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Straight Lake State Park Nature

Straight Lake State Park is in the Forest Transition Ecological Landscape of Wisconsin. This landscape stretches from Polk County in northwest Wisconsin to Menominee County in northeast Wisconsin. Straight Lake is also located within the tension zone, a unique area where both northern and southern plant and animal species can be found in the same place.

With over 2,000 acres, Straight Lake State Park contains many different habitats and unique characteristics. The park has a large intact forest with trees that are approaching 100 years old. Large intact forests are becoming increasingly rare due to development and fragmentation. The large forest within the park provides high-quality forest habitat for many species, including those that are threatened or of special concern. This 457-acre section of the park is known as the Tunnel Channel Woods State Natural Area.

Another special landscape located in the park is the Tamarack Fen State Natural Area. This area is on the western end of Straight Lake. It is a diverse wetland complex that includes hardwood swamp, sedge meadow, alder ticket and some tamarack swamp. This 85-acre section of the park is home to rare species and highlights the importance of high-quality wetlands.

Water is abundant in the park with Straight and Rainbow lakes and many ephemeral ponds scattered throughout the property. Ephemeral ponds are small, shallow, temporary waterbodies that hold water for a brief period of time, such as after snow melt or heavy rains. Because they are temporary waterbodies, these ponds lack fish, which results in great habitat for amphibians and invertebrates.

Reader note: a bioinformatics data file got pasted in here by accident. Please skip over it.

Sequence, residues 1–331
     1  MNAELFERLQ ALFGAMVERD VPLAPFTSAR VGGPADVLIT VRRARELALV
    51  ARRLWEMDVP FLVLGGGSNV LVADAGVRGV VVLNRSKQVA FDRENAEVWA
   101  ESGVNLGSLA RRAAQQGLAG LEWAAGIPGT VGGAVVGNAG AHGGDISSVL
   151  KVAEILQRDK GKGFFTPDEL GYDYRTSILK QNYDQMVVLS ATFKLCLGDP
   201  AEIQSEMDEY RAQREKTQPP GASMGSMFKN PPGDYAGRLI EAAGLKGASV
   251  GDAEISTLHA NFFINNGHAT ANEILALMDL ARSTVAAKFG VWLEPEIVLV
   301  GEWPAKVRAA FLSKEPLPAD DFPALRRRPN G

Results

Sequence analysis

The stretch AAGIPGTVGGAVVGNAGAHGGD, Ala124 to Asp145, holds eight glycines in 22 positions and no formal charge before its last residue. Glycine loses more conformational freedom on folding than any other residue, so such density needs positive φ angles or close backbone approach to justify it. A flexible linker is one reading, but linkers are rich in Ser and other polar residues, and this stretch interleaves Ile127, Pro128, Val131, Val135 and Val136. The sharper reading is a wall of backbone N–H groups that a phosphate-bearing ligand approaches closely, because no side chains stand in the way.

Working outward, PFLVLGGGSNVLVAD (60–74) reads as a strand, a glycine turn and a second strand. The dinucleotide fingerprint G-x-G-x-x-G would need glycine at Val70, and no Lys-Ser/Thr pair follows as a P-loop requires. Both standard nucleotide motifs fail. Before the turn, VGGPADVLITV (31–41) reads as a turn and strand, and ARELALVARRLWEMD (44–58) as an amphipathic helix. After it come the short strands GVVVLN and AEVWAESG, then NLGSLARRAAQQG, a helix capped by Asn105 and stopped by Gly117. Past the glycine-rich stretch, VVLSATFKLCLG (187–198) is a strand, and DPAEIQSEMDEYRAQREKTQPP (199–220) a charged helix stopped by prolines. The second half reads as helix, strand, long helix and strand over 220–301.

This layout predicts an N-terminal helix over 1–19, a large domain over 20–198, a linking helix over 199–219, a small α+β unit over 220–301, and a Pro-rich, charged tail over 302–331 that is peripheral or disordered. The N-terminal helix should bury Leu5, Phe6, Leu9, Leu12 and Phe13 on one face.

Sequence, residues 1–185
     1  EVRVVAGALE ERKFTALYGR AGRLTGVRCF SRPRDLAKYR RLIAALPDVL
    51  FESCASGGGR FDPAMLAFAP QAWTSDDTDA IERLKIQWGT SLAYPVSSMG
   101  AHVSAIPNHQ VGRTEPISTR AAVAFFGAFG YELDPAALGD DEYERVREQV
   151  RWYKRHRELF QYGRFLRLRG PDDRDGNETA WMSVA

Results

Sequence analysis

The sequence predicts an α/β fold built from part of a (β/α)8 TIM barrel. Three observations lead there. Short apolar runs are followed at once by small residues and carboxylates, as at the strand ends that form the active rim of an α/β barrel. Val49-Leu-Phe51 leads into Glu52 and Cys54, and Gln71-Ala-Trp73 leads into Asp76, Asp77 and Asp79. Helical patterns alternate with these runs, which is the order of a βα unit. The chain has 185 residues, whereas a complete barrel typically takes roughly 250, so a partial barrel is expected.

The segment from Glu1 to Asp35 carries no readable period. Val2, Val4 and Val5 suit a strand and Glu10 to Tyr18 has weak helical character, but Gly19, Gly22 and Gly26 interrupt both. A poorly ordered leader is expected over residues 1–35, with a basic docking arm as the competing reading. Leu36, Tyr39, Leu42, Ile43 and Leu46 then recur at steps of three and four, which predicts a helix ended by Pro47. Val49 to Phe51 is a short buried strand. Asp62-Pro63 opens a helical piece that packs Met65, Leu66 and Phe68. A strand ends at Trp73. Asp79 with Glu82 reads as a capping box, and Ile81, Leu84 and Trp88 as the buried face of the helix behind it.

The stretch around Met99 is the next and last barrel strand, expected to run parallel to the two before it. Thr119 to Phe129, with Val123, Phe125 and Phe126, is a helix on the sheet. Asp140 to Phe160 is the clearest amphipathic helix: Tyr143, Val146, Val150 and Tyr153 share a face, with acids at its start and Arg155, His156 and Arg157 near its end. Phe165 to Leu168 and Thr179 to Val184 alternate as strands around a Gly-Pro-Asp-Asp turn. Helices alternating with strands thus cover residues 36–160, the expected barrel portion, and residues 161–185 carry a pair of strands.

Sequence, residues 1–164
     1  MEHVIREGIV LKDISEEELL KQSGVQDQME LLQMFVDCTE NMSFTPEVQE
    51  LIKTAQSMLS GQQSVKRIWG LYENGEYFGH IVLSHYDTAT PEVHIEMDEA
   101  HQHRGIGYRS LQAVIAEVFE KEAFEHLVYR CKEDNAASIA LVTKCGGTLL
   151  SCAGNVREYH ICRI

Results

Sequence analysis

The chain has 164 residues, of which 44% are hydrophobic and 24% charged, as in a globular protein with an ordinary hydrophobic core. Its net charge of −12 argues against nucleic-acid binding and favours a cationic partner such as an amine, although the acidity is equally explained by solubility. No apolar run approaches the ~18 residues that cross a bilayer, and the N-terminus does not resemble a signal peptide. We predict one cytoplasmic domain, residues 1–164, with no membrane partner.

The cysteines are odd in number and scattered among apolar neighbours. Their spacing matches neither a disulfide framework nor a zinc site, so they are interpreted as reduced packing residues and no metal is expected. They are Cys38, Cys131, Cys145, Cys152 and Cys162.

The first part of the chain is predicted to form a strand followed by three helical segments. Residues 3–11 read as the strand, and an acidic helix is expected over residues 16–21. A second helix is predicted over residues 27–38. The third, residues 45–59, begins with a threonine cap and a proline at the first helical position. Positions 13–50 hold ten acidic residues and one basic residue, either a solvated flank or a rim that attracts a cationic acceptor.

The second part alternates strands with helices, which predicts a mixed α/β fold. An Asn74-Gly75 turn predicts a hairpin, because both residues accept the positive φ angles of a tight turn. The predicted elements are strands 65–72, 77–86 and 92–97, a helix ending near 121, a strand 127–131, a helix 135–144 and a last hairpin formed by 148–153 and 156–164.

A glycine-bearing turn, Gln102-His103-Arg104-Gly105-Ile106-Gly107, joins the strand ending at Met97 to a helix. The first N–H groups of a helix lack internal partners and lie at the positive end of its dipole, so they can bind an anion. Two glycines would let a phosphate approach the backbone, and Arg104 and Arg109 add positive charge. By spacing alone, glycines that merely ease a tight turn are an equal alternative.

Straight Lake is a drainage lake, the Straight River enters the lake on the west side and then flows out on the east end. Straight Lake was originally created for logging, and then local residents created an earthen dam. In 2014, the earthen dam was replaced with a sheet-piling dam and the spillway was expanded. Straight Lake offers a variety of different fish species such as northern pike, bass and panfish. Rainbow Lake is a seepage lake, meaning there is no inlet or outlet. All water in Rainbow Lake is from precipitation and groundwater. Because of this, rainbow trout are stocked each year in spring and fall. Both lakes are completely undeveloped and provide critical habitat for a variety of species.

With the diverse habitats located within the park, Straight Lake has been nominated as an important bird area [exit DNR] by the Wisconsin Bird Conservation Initiative. Species known to use the park include bald eagles, trumpeter swans, cerulean warblers and red-shouldered hawks, among others. Common mammals seen in the park include white-tailed deer, black bear, fisher and otter. Many different species of amphibians and reptiles can be found as well.

Last revised: Wednesday December 13 2017